To her friends the connection between the fiction’s tendency to say something like, “Life is life, now get on with it”, and Anderson’s own temperament, would be uncontroversial. One of her sayings – she was full of sayings – was “worse things have happened at sea”, which in the book she gives to Thea Sinclair. Actually worse things didn’t happen at sea. Her memoir movingly recounts her younger brother’s death in a relative’s house in Hastings when the children’s parents had both sailed to England. Unbearably, her elder son, Jeremy, died of colon cancer in 2005. Shortly after that, Anderson began to suffer early symptoms of dementia, the disease you can chart in the memoir’s wobbly course of composition and which can be heard in her struggling 2008 radio interview with Kim Hill, where Anderson, trying for the word “jandals”, comes up with “flapjacks”.

Stoicism’s overlap with heroism is another of her work’s – and indeed her life’s – most powerful themes. In a bolstering letter to a poet tempted to self-pity, Katherine Mansfield writes: “There is a law against letting ourselves go.” In writing and in life, Anderson didn’t like the confessional impulse. She loved to gossip but that’s different. She didn’t like poems that “went too far”. She told me I’d made a mistake in ending one of my stories with mention of a hospice. It turned out one could be a skite about one’s own suffering as easily as one’s successes. I think this sensitivity to the borders of acceptability, while damaging to her memoir, produced rich fictional scenarios. Fiction freed her, not simply to behave badly and tell all but to mine the territory of obligation for its moral complexity; you could only use a character such as Molly (who “could do anything next”) in The Swing Around if you were both intimate with etiquette and class and also saw the point in its founding values. Anderson’s family background, schooling and her marriage might have given her the tools to be a brilliant social satirist but her fiction also communicates what is lost when “the proper way” – no matter how artificial, unfair, or arbitrary that’s revealed to be – is abandoned.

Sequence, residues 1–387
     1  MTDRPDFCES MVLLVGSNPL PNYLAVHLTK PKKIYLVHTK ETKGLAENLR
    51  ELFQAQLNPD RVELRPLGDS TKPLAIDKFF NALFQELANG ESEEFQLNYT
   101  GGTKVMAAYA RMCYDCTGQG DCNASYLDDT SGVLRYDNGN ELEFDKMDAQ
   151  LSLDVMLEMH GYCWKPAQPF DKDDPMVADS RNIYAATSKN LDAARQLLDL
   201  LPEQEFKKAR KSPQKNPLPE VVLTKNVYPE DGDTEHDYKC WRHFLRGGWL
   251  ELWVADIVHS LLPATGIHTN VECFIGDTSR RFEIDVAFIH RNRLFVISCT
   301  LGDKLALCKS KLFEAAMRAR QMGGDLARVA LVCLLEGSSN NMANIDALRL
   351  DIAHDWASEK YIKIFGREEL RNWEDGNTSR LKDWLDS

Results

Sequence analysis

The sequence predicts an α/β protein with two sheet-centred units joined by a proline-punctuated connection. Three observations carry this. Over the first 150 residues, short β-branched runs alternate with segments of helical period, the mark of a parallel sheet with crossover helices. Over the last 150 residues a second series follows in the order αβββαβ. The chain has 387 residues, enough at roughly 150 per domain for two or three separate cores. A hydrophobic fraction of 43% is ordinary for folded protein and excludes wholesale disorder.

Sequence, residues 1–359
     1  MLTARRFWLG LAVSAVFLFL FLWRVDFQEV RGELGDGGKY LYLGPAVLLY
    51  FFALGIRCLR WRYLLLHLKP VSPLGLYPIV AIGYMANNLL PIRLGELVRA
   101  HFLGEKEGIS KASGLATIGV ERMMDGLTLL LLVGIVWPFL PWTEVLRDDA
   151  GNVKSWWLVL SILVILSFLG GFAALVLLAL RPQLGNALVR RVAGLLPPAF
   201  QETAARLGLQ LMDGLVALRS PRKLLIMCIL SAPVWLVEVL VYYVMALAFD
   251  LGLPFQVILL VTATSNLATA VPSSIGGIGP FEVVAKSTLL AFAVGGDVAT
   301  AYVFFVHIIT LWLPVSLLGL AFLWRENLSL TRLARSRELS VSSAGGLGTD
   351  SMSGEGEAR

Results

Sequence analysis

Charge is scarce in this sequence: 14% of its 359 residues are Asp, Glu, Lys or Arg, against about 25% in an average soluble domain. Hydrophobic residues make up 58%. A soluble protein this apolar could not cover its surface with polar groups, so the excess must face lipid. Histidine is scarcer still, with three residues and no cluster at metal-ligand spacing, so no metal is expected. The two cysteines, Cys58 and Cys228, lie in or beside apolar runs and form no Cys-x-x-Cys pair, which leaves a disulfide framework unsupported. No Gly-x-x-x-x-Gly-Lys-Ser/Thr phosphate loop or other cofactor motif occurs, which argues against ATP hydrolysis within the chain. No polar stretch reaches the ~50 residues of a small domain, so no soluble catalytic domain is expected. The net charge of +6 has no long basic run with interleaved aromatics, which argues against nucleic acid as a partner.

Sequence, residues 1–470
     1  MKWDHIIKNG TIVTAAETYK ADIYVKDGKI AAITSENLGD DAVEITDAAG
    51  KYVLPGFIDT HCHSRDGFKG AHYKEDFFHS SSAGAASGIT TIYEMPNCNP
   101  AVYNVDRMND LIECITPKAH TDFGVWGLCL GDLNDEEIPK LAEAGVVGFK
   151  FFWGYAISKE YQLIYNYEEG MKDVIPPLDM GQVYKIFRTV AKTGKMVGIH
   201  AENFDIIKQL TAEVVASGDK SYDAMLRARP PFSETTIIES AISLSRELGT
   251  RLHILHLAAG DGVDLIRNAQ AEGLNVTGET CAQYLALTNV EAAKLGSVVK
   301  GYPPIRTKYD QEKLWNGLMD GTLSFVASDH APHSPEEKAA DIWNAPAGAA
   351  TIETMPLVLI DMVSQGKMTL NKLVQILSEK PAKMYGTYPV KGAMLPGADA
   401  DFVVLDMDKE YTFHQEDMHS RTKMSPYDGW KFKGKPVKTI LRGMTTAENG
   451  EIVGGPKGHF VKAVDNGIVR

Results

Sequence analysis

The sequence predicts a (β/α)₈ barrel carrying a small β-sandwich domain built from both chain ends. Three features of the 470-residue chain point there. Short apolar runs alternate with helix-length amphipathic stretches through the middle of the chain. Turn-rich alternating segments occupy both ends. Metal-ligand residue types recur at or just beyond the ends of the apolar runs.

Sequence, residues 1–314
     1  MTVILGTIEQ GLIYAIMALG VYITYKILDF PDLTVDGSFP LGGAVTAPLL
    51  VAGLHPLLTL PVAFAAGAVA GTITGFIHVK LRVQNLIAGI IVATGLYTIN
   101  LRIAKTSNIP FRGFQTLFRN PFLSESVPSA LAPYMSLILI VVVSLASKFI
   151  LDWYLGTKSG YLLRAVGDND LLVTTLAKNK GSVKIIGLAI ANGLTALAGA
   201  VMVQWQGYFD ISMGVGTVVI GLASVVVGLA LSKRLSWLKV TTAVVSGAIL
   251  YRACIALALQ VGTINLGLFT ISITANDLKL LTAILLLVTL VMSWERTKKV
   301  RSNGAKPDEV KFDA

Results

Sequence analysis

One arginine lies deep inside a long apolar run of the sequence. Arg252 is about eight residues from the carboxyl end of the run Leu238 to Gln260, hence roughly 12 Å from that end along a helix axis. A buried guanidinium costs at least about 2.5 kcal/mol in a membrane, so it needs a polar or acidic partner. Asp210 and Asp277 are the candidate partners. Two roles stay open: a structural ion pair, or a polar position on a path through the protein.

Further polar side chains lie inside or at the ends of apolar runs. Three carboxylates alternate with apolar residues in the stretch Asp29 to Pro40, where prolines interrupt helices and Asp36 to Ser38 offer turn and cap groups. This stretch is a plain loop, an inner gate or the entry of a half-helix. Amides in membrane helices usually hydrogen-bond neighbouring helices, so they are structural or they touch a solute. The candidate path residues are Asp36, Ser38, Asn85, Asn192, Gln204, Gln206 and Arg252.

Yet I feel I’ve missed something in this roll-call. “Gasp”, come to think of it, is a strange word for a serious writer to use so often. It’s a bit kitschy. I’m reminded that Sophie runs over her lover in All the Nice Girls because a pineapple rolls under the brake pedal – a move that wouldn’t be out of place in an Almodovar movie. (Someone in Portrait of the Artist’s Wife is writing a book called Emotion on the Page; Long Hot Summer includes the making of a film called Lust in the Dust.) Anderson was keyed into the wonders of melodrama. A lot of the sex in Girls High, or the sex talk, is similarly loose, frank, of the “I want to fuck you till you can’t stand” variety. (Carmen says that to Cliff.) I’m sure one of the reasons Anderson’s work is so invigorating to read is that she writes about invigorated people.